“Blessed are the meek, for they shall inherit the earth,” Mth 5:5.

Meekness isn’t something I heard a lot about growing up. I knew it was in some teachings that Jesus gave on a mountain, but it’s one of those things that you skim over when you read the Bible, because it’s weird.

A bunch of meek people gaining control of the Earth? Sounds like a sci-fi movie about monks and global domination. It’s easy to write that off as something God can explain later in Heaven…And yet, Jesus took time in His limited earthly ministry to talk about it. He wanted us to know about it on this side of eternity. Obviously from the context we can see that meekness is something that God desires and shows favor on, but what does it mean to be meek?

The image of a smiling pushover comes to mind, like an inflatable punching bag I swung at as a kid, but that can’t be right. Jesus was the ultimate example of meek (Mth 11:29), and He’s the exact opposite of a pushover.

Moses, too, was described as incomparably meek. We read about it in Numbers 12. Moses is leading the nation of Israel and his older siblings launch a verbal attack against him, laced with envy, regarding his Cushite wife. During the encounter we see a stillness from Moses, in which he doesn’t defend himself.

Instead, God defends him with a mighty show of force. He calls out both siblings, Aaron and Miriam, and makes them answer for their words. First, he declares how faithful and above reproach Moses has been. How he alone was given the privilege to hear from God directly. Then He questions why they weren’t afraid to speak out against such a godly man who had done nothing wrong. Finally, God enacts a consequence and mutates Miriam’s flesh to the appearance of being chewed up and deformed. Yikes.

Is that not terrifying? Imagine standing nearby and witnessing that. How gut wrenching would that be for Aaron or Miriam? You can feel the shame and horror that would have settled after the sin. But instead of a smug grin on his face for being vindicated, Moses begs God to heal Miriam.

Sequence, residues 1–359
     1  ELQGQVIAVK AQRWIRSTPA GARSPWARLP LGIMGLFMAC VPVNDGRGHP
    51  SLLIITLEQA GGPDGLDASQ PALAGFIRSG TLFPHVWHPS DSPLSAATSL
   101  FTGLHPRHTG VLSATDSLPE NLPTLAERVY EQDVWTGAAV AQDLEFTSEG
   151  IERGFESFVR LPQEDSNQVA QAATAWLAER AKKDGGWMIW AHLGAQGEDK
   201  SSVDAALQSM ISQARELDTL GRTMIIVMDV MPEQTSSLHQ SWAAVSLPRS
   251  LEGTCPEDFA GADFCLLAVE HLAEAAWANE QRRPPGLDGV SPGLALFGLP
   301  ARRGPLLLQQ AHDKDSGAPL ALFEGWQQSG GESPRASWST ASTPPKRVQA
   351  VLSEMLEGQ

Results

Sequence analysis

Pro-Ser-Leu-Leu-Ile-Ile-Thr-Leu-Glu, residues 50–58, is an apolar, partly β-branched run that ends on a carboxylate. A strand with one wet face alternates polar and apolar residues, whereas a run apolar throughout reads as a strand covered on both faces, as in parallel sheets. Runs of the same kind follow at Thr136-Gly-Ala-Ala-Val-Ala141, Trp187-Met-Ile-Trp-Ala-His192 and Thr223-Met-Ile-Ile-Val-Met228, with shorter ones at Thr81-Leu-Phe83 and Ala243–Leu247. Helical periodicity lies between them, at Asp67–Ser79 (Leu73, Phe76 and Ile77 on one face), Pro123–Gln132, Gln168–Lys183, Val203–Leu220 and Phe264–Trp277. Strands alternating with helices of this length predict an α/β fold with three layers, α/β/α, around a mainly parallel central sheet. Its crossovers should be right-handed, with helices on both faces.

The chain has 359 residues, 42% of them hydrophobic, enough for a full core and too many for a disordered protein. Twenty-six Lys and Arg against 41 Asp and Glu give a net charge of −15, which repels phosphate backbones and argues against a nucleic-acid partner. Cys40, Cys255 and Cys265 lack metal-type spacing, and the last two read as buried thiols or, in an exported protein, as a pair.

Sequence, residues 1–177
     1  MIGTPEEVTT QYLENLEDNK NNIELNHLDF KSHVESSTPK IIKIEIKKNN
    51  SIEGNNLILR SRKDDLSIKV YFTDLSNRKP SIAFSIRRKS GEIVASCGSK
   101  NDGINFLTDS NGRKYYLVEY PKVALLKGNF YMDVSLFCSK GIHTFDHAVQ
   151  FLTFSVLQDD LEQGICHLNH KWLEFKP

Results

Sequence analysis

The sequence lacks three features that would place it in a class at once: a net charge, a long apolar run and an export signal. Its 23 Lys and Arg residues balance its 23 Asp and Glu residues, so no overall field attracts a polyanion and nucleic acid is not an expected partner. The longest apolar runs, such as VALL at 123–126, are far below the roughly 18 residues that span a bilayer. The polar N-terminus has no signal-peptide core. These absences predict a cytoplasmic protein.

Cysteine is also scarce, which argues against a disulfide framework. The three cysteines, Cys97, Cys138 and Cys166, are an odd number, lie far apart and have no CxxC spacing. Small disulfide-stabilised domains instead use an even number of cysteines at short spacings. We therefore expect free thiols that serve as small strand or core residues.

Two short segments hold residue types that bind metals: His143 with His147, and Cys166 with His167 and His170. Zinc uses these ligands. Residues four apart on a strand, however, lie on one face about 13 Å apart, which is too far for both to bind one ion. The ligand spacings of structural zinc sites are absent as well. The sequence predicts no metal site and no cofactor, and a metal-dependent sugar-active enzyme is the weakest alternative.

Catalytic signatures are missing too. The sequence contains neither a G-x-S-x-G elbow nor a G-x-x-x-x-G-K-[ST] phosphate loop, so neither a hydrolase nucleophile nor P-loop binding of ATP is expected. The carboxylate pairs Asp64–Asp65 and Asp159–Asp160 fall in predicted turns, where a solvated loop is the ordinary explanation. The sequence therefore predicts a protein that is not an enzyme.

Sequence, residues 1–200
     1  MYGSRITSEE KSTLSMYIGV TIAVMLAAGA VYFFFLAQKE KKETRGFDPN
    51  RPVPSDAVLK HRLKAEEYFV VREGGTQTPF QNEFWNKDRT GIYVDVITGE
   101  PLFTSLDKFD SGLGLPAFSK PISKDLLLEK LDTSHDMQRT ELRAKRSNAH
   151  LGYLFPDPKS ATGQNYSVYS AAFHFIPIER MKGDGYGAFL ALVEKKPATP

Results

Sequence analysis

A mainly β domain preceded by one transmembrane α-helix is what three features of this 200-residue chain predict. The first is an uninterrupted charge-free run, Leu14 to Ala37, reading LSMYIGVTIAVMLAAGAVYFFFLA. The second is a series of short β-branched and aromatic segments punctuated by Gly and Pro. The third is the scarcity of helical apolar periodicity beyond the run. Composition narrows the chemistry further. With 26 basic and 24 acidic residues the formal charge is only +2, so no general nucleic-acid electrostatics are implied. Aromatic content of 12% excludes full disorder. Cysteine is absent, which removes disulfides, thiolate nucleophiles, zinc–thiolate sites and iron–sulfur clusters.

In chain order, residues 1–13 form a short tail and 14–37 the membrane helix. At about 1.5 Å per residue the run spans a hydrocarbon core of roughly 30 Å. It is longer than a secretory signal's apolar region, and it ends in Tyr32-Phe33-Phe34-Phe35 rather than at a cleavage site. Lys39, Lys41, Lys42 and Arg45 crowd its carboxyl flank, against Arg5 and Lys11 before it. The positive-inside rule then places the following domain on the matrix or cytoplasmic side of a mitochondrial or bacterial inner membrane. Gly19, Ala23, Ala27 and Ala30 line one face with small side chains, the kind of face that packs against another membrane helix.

We see that Moses wasn’t concerned about defending himself let alone launching a counter attack on his siblings. He was slow to anger, leaning into a trust and deference of God. And rather than gloat about the justice that was eventually served, he cried out for the interest of another. Please heal her.

What it Means to be Meek

Meekness then is a controlled strength that puts everything in the hands of God. It’s founded on a trust of the Lord, and it always denies self. We see it grow alongside humility and wisdom in that it seeks another person’s interest at the expense of its own, and it’s pure, peaceable, gentle, and open to reason (James 3:13&17).

This should not, however, be confused with cowardice or weakness. It’s not being afraid to stand up to someone; rather it’s having the courage to trust God for justice. We see this in David’s life before he was made king. Several times he had the strength and power to take the throne for his own and yet he rejected self. He quieted the whisperings of flesh that say “Why should you tolerate this? He should pay for this!” and chose instead to trust the Lord his God with quiet submission (1 Sam 26:10-11). How counter cultural is that in today’s world? We have an entire online world that roars against that attitude.

A Spiritual Inheritance

Then there’s the bit about them inheriting the earth? Jesus has a habit of saying things that make you scratch your head. I have sympathy for the Apostles because I have the Spirit and years of studying His Word, and I’m still confused by what He says sometimes. My current understanding is this: there is a sense in which the meek have already inherited the earth. The Bible says that all things are ours in Christ, and Paul declared that he has nothing and yet he has everything. You take swipes at a meek man and he takes it in stride. You have no power over such a person. They are content and satisfied on this side of eternity. In that way they have inherited the earth.

But there are future expectations too. In the day when tears will be wiped away there will be a purification of the soul. Quite literally everyone in Heaven on the new earth will be meek. To be otherwise would be inconsistent with righteousness.

Where does that leave us? In a position of hope and certainty. One New Testament Scholar, D.A. Carson, says it this way, “With this eternal perspective in view he (a Christian) can afford to be meek”. Can you afford to be meek today? Do you trust God in a way that you know all things will be made right in the end? Are you free to suffer wrong and lean into the Lord?